After killing four people at Momentum, Barton went across the street and killed five people at All-Tech Investment Group, another firm where he’d done day trading. Friday, All-Tech officials were still not ready to share the full details of Barton’s financial records.
Barton closed his suicide note with an ominous warning, seemingly aimed at the brokerage houses where he’d traded.
“I don’t plan to live very much longer,” he wrote, “just long enough to kill as many of the people that greedily sought my destruction.
“You should kill me if you can.”
Though he acknowledged that the murder of his family made him an even more likely suspect in the 1993 murders of his first wife and mother-in law--Deborah Spivey Barton and Eloise Powell Spivey were hacked to death in their camper on Lake Weiss during a fishing trip in northeast Alabama--Barton used his suicide note to assert his innocence one last time.
“There may be similarities,” he wrote, “between these deaths and the death of my first wife, Debra Spivey. However, I deny killing her and her mother. There’s no reason for me to lie now.”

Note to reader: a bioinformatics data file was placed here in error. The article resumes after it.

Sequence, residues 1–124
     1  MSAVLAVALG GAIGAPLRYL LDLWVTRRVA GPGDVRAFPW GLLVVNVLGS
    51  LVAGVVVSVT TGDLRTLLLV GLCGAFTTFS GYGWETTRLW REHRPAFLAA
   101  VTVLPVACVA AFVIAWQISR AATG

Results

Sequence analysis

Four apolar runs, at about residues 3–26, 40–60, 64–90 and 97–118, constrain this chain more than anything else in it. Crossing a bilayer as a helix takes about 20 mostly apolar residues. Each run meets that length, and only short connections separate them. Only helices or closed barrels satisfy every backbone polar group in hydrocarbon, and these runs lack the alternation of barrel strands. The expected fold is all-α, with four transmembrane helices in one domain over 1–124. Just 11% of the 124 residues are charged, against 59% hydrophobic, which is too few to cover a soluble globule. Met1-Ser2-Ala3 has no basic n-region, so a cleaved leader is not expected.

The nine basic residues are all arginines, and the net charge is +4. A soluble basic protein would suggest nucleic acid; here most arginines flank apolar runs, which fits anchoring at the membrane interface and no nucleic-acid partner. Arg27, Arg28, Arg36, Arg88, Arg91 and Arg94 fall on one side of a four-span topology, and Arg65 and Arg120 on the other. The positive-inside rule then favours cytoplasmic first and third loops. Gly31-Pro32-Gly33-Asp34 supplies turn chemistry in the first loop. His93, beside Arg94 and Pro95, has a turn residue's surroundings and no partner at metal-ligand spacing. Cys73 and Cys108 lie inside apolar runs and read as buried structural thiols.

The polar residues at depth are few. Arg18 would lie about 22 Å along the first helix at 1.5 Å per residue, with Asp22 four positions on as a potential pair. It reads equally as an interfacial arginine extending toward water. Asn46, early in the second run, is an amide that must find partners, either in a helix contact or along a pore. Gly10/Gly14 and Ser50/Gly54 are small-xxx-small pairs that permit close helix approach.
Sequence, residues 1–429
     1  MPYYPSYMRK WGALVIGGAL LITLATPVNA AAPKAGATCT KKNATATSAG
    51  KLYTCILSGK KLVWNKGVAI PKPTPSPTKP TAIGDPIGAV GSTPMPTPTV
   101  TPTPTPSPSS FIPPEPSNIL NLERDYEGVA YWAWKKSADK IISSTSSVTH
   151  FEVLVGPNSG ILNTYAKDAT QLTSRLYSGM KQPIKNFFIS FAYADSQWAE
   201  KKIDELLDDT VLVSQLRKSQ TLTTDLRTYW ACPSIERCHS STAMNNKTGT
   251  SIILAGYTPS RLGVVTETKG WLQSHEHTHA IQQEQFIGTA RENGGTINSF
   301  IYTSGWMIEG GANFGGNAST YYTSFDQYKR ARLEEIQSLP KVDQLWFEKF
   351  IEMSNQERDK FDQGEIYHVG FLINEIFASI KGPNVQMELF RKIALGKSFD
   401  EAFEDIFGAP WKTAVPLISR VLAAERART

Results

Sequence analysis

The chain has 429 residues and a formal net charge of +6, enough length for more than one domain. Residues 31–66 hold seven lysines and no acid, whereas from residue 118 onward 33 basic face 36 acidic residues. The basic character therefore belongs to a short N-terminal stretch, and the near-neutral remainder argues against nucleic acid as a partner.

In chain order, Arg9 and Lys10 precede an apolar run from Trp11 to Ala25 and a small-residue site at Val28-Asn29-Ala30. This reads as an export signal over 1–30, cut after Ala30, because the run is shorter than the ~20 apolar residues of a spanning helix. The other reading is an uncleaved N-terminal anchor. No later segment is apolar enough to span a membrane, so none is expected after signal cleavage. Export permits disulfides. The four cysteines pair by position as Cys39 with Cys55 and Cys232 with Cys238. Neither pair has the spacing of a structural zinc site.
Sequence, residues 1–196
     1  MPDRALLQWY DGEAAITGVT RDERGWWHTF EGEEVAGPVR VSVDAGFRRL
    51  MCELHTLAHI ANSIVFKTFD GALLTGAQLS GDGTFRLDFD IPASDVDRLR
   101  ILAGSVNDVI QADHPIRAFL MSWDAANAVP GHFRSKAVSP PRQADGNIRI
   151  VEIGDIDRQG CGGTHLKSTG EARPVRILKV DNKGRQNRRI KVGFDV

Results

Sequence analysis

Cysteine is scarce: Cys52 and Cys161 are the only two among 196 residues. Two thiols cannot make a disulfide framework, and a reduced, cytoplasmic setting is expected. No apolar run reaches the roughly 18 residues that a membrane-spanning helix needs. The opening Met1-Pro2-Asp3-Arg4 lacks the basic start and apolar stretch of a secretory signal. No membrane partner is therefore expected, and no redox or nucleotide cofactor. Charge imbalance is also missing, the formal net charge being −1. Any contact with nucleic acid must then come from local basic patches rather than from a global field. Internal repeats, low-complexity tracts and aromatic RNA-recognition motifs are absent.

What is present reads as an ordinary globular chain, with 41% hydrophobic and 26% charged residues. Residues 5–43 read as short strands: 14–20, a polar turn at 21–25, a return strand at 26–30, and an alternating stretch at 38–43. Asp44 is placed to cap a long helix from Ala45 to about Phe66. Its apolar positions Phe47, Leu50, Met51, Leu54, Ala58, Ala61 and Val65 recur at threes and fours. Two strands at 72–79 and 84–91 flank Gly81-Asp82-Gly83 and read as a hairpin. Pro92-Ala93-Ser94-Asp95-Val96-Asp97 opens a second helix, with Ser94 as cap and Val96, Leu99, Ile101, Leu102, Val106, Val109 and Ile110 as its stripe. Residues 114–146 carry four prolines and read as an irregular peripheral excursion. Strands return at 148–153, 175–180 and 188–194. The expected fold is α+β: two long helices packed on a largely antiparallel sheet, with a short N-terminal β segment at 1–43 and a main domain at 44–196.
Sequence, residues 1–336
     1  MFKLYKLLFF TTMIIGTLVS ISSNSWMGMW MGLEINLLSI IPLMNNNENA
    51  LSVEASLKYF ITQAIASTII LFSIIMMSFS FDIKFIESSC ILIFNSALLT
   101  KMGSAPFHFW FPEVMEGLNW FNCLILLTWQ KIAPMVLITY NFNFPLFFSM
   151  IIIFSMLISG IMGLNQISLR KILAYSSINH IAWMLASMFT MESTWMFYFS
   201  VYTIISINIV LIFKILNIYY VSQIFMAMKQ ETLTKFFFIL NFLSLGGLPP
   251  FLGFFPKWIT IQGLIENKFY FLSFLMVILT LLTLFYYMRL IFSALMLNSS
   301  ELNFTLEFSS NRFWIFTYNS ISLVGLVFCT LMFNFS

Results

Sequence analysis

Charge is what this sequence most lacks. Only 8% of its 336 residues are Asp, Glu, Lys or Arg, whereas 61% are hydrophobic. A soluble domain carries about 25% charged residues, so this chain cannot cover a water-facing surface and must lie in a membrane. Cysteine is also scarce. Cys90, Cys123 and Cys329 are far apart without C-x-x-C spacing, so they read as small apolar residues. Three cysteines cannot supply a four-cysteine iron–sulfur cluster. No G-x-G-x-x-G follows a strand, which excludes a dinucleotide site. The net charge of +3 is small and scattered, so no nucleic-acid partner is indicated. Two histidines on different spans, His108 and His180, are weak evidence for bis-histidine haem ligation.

Knowing more about Barton might help this city come to terms with what’s happened. Even the two buildings where Barton did his killing were reopened Friday to office workers, as workers returned to their jobs in surprisingly large numbers, a surreal quality hung in the humid summer air as palpable as the flags hanging everywhere at half-staff.
“I was kind of surprised that the building was open,” said Tammy Zacks, an executive at Monumental Meetings, back at work just one floor below Momentum’s offices. “I thought it was like a crime scene.”